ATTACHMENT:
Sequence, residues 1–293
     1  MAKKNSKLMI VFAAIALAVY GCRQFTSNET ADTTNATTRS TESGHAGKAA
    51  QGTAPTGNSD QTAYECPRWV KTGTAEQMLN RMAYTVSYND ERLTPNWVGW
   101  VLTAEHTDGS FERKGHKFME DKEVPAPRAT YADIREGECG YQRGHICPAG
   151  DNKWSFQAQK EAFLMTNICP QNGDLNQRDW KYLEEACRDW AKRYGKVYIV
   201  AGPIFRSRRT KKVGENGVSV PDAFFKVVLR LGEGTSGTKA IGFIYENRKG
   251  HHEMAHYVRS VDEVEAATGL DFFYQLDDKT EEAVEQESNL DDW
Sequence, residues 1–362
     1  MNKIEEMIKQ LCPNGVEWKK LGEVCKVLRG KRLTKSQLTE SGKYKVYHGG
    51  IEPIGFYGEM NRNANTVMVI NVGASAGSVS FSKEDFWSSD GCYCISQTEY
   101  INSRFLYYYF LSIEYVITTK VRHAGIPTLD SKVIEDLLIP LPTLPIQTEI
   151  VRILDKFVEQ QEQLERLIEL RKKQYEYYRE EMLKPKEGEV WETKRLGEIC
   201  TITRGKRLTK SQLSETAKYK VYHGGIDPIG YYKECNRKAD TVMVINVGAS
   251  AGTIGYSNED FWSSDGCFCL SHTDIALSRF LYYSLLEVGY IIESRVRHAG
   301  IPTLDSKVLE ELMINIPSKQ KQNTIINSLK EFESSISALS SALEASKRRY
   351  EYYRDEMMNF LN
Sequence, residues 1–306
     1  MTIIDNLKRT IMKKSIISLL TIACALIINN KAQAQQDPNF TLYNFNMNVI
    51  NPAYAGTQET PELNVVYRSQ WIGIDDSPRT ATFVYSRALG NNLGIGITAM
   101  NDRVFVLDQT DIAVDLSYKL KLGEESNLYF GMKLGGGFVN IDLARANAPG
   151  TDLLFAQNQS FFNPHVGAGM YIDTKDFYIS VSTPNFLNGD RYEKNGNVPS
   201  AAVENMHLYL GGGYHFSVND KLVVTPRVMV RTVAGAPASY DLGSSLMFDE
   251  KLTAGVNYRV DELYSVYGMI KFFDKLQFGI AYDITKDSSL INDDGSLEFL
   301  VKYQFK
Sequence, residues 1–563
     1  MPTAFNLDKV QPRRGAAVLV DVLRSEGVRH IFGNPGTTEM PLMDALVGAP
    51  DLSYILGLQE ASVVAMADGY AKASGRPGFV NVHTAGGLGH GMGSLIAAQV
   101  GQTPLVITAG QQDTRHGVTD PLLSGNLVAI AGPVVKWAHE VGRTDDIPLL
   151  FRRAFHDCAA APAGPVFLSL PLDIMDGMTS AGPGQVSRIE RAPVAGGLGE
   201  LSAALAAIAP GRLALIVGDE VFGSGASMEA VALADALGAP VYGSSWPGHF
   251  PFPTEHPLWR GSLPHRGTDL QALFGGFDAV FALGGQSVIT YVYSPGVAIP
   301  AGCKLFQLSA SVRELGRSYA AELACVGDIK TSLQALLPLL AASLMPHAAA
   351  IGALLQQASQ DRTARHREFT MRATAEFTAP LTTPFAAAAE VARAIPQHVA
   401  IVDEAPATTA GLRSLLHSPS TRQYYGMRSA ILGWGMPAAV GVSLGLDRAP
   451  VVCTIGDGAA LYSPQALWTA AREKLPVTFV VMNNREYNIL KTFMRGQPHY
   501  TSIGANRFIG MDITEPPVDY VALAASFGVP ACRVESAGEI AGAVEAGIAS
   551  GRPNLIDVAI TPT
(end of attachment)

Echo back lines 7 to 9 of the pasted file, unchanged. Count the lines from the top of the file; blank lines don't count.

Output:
   251  HHEMAHYVRS VDEVEAATGL DFFYQLDDKT EEAVEQESNL DDW
Sequence, residues 1–362
     1  MNKIEEMIKQ LCPNGVEWKK LGEVCKVLRG KRLTKSQLTE SGKYKVYHGG